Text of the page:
• For example,

    • Oracle has

      • EXPLAIN PLAN that shows the user the execution plan of an SQL statement.

      • TKPROF that measures the actual elapsed time of a SQL statement—.

    • Microsoft SQL Server has

      • Numerous SET commands that can be used to measure the performance of the database and SQL statements.

  • Check with your DBA and implementation documentation for more information on tools that may be available to you.



Oracle tkprof
Oracle TKPROF

  • One of the most useful utilities available to the DBA for diagnosing performance issues

  • It essentially formats a trace file into a more readable format for performance analysis.

    • The DBA can then identify and resolve performance issues such as poor SQL, indexing, and wait events


Oracle tkprof1
Oracle TKPROF

  • Has been historically difficult to use for many reasons.

    • First, the entire process of enabling tracing, finding trace files, and executing the utility against them is a burdensome task. Once the DBA finally has the trace file output the typical response is “Now what do I do”?

    • Second, even though TKPROF formats the data, it lacks any additional insight needed to remedy the problems revealed

      • In fact, problems are not even highlighted, thereby putting more work on the DBA to

        • Analyze the output

        • Assess the problem

        • Determine what to do


Oracle tkprof2
Oracle TKPROF

  • Why, When TKPROF?

    • The DBA will use TKPROF and session tracing when the database or a particular session is having performance problems

    • TKPROF will generally be used infrequently, when researching a very particular performance issue

      • A user may complain that the response time for a session is abysmal compared to the prior week. Session tracing and TKPROF can be used to see exactly what is happening on the database, enabling the DBA to take corrective action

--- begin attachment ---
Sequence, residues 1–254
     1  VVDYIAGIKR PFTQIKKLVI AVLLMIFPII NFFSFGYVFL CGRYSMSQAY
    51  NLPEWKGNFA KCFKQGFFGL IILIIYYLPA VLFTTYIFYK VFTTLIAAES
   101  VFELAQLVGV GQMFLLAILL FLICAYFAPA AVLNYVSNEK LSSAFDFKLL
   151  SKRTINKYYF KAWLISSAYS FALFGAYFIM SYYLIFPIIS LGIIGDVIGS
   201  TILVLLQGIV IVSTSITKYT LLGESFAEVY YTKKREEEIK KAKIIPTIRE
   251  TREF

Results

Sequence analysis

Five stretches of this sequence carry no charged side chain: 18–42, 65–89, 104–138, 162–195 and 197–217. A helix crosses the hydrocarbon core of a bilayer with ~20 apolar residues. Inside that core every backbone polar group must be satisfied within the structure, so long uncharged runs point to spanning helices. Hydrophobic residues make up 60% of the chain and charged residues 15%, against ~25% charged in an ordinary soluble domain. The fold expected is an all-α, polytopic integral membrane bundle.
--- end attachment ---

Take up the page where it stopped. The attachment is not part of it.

Oracle tkprof3
Oracle TKPROF

  • Why, When TKPROF?

    • The utility can also be used to view SQL that is being executed for an application

      • In some situations, this will be the only mechanism a DBA will have to view SQL

        • Includes the execution of encrypted native code on the database or submission of SQL statements from third party applications


Oracle tkprof4
Oracle TKPROF

  • So what should DBAs be looking for?

    • Compare the number of parses to number of executions.

      • A well-tuned system will have one parse per n executions of a statement and will eliminate the re-parsing of the same statement.

    • Search for SQL statements that do not use bind variables (:variable).

      • These statements should be modified to use bind variables.

    • Identify those statements that perform full table scans, multiple disk reads, and high CPU consumption.

      • Benchmarks are defined by the DBA and are tailored to each database.

      • What may be considered a high number is different for OLTP and Data Warehouse implementations


Oracle raw trace file
Oracle Raw Trace File

PARSING IN CURSOR #1 len=44 dep=0 uid=59 oct=3 lid=59 tim=535446373886 hv=159129

656 ad='12cbbe70'

select * from employee where emp_id = 87933

END OF STMT

PARSE #1:c=0,e=37469,p=0,cr=0,cu=0,mis=1,r=0,dep=0,og=4,tim=535446373874

EXEC #1:c=0,e=71,p=0,cr=0,cu=0,mis=0,r=0,dep=0,og=4,tim=535446375834

FETCH #1:c=31250,e=42564,p=10,cr=416,cu=0,mis=0,r=1,dep=0,og=4,tim=535446418910

FETCH #1:c=0,e=3852,p=0,cr=57,cu=0,mis=0,r=0,dep=0,og=4,tim=535446424026

STAT #1 id=1 cnt=1 pid=0 pos=1 obj=30497 op='TABLE ACCESS FULL EMPLOYEE '


Oracle tkprof output
Oracle TKPROF Output

********************************************************************************

count = number of times OCI procedure was executed

cpu = cpu time in seconds executing

elapsed = elapsed time in seconds executing

disk = number of physical reads of buffers from disk

query = number of buffers gotten for consistent read

current = number of buffers gotten in current mode (usually for update)

rows = number of rows processed by the fetch or execute call

********************************************************************************

select *

from

employee where emp_id = 87933

call count cpu elapsed disk query current rows

------- ------ -------- ---------- ---------- ---------- ---------- ----------

Parse 10 0.00 0.03 0 0 0 0

Execute 10 0.00 0.00 0 0 0 0

Fetch 20 0.34 0.35 72 4730 0 10

------- ------ -------- ---------- ---------- ---------- ---------- ----------

total 40 0.34 0.39 72 4730 0 10

Misses in library cache during parse: 1

Optimizer goal: CHOOSE

Parsing user id: 59

Rows Row Source Operation

------- ---------------------------------------------------

1 TABLE ACCESS FULL EMPLOYEE

********************************************************************************